Art Market

Up to 90 percent of Brazil’s National Museum collection may have been lost in a devastating fire.

Benjamin Sutton
Sep 4, 2018 3:31PM, via The Guardian

Drone view of Rio de Janeiro's treasured National Museum, one of Brazil's oldest, on September 3, 2018, a day after a massive fire ripped through the building. Photo by Mauro Pimentel//AFP/Getty Images.

The National Museum of Brazil was gutted by a fire that began on the evening of September 2nd and raged into the night. One official estimated that as much as 90 percent of the museum’s collection of 20 million antiquities, archaeological and scientific artifacts, and historical objects may be lost.

The 200-year-old museum was housed in Brazil’s former royal palace in Rio de Janeiro’s Quinta da Boa Vista park; it had recently secured $5 million in funding for a much-needed renovation that was to include an upgraded fire safety system, but had not yet received the money.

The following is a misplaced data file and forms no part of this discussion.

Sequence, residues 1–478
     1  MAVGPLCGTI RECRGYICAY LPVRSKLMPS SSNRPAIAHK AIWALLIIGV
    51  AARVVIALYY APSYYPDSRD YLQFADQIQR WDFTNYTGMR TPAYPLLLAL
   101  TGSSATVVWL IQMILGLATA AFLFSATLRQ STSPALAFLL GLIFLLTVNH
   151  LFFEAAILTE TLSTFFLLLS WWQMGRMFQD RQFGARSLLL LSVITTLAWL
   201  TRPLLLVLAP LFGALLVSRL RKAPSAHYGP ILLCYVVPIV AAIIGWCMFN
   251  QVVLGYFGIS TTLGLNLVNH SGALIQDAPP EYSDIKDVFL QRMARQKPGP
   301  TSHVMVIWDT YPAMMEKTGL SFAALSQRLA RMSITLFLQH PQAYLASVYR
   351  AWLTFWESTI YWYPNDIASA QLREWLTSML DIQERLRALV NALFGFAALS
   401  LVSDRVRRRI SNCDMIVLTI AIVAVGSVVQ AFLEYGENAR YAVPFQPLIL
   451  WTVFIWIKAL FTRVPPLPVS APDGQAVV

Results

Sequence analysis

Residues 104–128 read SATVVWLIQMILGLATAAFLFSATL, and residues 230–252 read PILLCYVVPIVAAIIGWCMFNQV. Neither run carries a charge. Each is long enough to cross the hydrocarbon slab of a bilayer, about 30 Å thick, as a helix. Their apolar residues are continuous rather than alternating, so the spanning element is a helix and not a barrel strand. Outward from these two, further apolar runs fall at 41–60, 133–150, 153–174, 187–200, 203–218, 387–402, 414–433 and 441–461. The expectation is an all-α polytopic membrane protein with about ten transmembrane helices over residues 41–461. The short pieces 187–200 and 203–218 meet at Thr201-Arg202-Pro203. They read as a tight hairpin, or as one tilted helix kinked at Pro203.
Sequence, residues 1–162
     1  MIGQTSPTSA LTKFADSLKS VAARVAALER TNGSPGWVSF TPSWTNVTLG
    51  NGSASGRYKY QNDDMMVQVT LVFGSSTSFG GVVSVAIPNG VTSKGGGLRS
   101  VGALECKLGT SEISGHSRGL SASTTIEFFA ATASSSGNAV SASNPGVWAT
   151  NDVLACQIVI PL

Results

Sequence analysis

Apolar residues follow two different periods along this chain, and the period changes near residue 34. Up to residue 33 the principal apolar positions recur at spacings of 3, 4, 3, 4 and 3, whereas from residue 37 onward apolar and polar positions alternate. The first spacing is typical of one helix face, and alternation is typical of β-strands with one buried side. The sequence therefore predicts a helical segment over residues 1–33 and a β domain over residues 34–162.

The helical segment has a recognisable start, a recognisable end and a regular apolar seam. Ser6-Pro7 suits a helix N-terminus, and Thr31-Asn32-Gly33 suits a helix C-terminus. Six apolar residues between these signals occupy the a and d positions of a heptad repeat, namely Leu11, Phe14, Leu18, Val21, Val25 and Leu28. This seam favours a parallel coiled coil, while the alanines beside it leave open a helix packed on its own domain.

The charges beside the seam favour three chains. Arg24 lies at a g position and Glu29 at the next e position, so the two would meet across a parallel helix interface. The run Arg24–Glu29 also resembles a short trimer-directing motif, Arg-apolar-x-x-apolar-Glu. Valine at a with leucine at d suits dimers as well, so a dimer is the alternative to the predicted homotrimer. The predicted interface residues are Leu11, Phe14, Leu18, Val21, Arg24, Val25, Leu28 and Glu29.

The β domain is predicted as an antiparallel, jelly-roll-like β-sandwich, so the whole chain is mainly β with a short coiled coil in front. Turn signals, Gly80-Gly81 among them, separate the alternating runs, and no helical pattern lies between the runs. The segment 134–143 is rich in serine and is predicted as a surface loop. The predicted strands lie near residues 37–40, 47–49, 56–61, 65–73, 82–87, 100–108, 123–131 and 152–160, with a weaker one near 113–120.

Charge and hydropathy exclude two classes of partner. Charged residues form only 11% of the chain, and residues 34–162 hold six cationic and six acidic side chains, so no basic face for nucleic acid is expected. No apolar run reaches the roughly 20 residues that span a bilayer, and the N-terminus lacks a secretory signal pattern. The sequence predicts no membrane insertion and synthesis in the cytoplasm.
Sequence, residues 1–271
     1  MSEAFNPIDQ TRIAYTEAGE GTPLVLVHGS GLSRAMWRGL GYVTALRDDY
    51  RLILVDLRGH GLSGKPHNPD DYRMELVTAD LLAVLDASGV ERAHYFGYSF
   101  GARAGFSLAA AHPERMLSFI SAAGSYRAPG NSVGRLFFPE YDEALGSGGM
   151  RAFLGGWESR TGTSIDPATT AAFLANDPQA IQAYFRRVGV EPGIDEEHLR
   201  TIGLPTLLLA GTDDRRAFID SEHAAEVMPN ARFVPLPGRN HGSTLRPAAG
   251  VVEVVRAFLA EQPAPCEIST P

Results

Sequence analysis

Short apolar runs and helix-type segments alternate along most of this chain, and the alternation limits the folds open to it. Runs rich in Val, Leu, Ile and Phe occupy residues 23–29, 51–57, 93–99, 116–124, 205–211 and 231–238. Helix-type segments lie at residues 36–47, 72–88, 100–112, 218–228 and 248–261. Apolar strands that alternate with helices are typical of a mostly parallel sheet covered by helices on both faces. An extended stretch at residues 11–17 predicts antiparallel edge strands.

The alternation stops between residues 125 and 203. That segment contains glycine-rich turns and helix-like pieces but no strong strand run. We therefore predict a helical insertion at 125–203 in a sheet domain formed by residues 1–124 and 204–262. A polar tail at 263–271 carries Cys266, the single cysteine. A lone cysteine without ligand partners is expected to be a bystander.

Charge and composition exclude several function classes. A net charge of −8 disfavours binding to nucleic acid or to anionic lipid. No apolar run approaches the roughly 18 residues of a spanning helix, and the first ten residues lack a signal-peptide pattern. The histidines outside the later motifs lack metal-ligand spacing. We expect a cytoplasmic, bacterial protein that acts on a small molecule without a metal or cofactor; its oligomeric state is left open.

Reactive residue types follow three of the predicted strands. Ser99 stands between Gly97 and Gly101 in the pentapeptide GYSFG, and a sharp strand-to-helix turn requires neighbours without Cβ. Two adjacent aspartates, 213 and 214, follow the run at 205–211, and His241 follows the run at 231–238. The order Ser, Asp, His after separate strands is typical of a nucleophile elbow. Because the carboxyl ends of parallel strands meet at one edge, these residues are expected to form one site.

“It is an unbearable catastrophe,” said Luiz Duarte, one of the museum’s vice-directors. “It is 200 years of this country’s heritage. It is 200 years of memory. It is 200 years of science. It is 200 years of culture, of education.”

The cause of the fire remains unknown—Brazil’s culture minister, Sérgio Leitão, said it may have started as an electrical fire or been caused by a paper hot-air balloon landing on the roof—and investigators are still waiting to explore the charred museum building until engineers clear it of any risk of collapse.  When firefighters arrived on the scene they found the two nearest fire hydrants dry. The objects feared lost in the blaze include the 11,500-year-old skull of Luzia Woman, the oldest human skeleton found in the Americas; dinosaur fossils; countless indigenous artifacts; and Greco-Roman antiquities.

Many see the loss of the museum, which had fallen into disrepair in recent years after its budget was slashed, as a result of the government’s austerity measures.

“For many years, we fought with different governments to get adequate resources to preserve what is now completely destroyed,” Duarte said. “My feeling is of total dismay and immense anger.”

Benjamin Sutton